BRADENTON, Fla. - King's Daughters Medical Center plans to pay $40.9 million to settle allegations of health care fraud by the Department of Justice, a penalty that is among the largest of its kind in Kentucky.

The nonprofit Ashland-based medical center will also pay interest and legal fees to resolve false claims the DOJ said were submitted to the Medicare and Medicaid programs for medically unnecessary coronary stents and diagnostic catheterizations.

The government also alleged that physicians falsified medical records to justify unnecessary procedures, generating millions of dollars in state and federal government health care reimbursements for the Medical Center. Kentucky will receive $1.02 million as the state's share of recovered Medicaid funds.

The settlement, announced May 28 by the DOJ, was the result of a review of procedures. No civil or criminal charges were filed.

Agreeing to resolve the allegations is not an admission of wrongdoing, King's Daughters said in a statement.

"The Medical Center's leadership team made the difficult decision to settle the investigation, rather than continue to drain valuable resources on government allegations related to old cases," the statement said.

The settlement comes as King's Daughters is experiencing a "significant deterioration in operating performance due to a sharp decline in revenue," Fitch Ratings said in February when it downgraded $231 million of outstanding revenue bonds to A from A-plus.

Fitch attributed some of financial difficulties on the DOJ investigation, which began in 2011.

"The settlement will not impact the Medical Center's ability to pay its debt," The Bond Buyer was told.

King's Daughters has a number of subsidiaries, including a 465-bed hospital in Ashland.

The case also involved prohibited financial relationships with physicians referring patients to the hospital in violation of the Stark Law, in addition to "paying certain cardiologists salaries that were unreasonably high and in excess of fair market value," according to the DOJ.

"The conduct alleged in this matter is unacceptable, victimizing both taxpayers and patients," said U.S. Attorney Kerry Harvey. "Treatment decisions motivated by financial gain undermine public confidence in our health care system and threaten vital federal programs upon which so many of our citizens rely."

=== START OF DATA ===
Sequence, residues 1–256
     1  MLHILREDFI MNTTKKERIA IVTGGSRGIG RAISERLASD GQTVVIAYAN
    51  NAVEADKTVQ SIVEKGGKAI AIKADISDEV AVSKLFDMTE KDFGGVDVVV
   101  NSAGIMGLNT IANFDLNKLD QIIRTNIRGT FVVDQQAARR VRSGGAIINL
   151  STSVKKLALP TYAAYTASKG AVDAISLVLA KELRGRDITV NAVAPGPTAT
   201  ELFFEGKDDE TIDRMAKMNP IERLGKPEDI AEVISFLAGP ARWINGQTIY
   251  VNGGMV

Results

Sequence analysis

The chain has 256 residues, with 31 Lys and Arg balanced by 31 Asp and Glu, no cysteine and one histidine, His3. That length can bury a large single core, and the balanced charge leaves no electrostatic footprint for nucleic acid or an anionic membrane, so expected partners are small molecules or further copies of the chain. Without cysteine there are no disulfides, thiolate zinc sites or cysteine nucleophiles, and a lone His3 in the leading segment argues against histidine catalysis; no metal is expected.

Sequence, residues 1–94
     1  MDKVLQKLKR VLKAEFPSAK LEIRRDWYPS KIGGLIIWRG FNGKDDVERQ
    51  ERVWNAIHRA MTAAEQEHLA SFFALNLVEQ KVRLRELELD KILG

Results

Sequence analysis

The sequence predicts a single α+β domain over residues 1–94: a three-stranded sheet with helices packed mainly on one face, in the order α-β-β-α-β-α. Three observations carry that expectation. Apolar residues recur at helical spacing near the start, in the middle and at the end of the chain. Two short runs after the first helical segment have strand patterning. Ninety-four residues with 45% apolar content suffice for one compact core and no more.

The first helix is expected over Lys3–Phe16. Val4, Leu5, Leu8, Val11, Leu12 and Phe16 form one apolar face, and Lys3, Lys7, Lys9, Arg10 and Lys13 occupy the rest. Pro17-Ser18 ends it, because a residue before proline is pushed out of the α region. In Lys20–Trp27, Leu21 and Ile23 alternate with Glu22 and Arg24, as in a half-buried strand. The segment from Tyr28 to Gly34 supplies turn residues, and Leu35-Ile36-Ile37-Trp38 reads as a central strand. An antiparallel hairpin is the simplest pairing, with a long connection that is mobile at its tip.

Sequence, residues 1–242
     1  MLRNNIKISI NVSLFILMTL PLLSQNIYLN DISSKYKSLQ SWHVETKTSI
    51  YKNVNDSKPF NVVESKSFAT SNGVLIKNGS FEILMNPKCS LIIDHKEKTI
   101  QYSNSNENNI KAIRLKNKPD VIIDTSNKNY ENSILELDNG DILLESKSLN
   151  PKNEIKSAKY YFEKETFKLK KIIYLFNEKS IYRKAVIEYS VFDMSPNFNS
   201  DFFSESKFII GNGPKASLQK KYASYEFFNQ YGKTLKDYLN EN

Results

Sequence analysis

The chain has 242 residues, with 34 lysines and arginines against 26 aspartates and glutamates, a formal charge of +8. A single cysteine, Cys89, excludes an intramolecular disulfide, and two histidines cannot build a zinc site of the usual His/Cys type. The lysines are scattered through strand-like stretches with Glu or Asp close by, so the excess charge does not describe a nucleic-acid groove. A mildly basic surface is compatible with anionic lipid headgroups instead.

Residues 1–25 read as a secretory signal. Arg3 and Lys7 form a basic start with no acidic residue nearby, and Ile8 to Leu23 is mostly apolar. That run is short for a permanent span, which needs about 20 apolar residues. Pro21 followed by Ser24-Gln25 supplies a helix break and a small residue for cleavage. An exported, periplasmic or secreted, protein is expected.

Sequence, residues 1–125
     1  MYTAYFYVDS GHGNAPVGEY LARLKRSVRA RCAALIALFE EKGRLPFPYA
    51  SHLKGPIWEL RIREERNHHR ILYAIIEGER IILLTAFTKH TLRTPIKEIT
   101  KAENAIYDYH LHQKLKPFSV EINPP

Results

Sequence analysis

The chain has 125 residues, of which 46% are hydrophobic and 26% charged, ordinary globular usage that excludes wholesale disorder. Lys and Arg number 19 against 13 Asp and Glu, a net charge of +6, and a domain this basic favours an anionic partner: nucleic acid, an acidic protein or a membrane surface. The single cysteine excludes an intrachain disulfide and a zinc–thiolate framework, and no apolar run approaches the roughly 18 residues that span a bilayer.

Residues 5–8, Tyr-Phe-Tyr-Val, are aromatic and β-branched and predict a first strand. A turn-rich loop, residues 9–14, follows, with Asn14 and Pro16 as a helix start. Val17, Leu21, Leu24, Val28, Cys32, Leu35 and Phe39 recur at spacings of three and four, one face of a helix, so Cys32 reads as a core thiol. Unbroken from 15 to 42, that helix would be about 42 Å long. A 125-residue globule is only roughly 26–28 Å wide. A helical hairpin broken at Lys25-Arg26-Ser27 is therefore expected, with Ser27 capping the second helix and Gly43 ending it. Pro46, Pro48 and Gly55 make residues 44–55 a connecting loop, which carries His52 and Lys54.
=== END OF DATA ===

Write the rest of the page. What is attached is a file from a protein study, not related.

The center said independent reviews the past several years have found that the cardiac care at King's Daughters meets or exceeds national standards.

In its Sept. 30, 2013 audit, King's Daughters said it was setting aside the $40.9 million for the DOJ settlement, and that it would also pay an amount based on an accrued interest rate of 2.5%. This amount was not mentioned in the audit, nor would the center discuss it May 28.

The audit said an additional $8 million was set aside for legal fees associated with the investigation and settlement that had accrued at the end of fiscal 2013.

The settlement required the center to enter into a corporate integrity agreement with U.S. Department of Health and Human Services' inspector general.

In lowering its rating in February, Fitch said that inpatient and outpatient activity decreased in fiscal 2013, and since the close of the fiscal year, "due to the combined negative impact" of the DOJ investigation, national trends, and the impact of high deductible health plans.

Patient use declined "materially across the board" in 2013 with decreases in inpatient admissions by 6.5%, total surgeries by 12.4%, and cardiac catheterizations by 48.3%.

Fitch also said that unrestricted cash and investments equaled $259.8 million and liquidity metrics remained solid with 196.6 days cash on hand as of Dec. 31.

"However, liquidity metrics could be materially impacted by a potential settlement of the DOJ investigation," said analyst Adam Kates.

Moody's Investors Service also cited material losses when lowering its ratings to A2 from A1 in August.

"Weakened operating results and volume softness" prompted Standard & Poor's to lower its ratings A from A-plus in June 2013.

The three rating agencies place negative outlooks on the Medical Center's bonds, which were issued by the Kentucky Economic Development Finance Authority.

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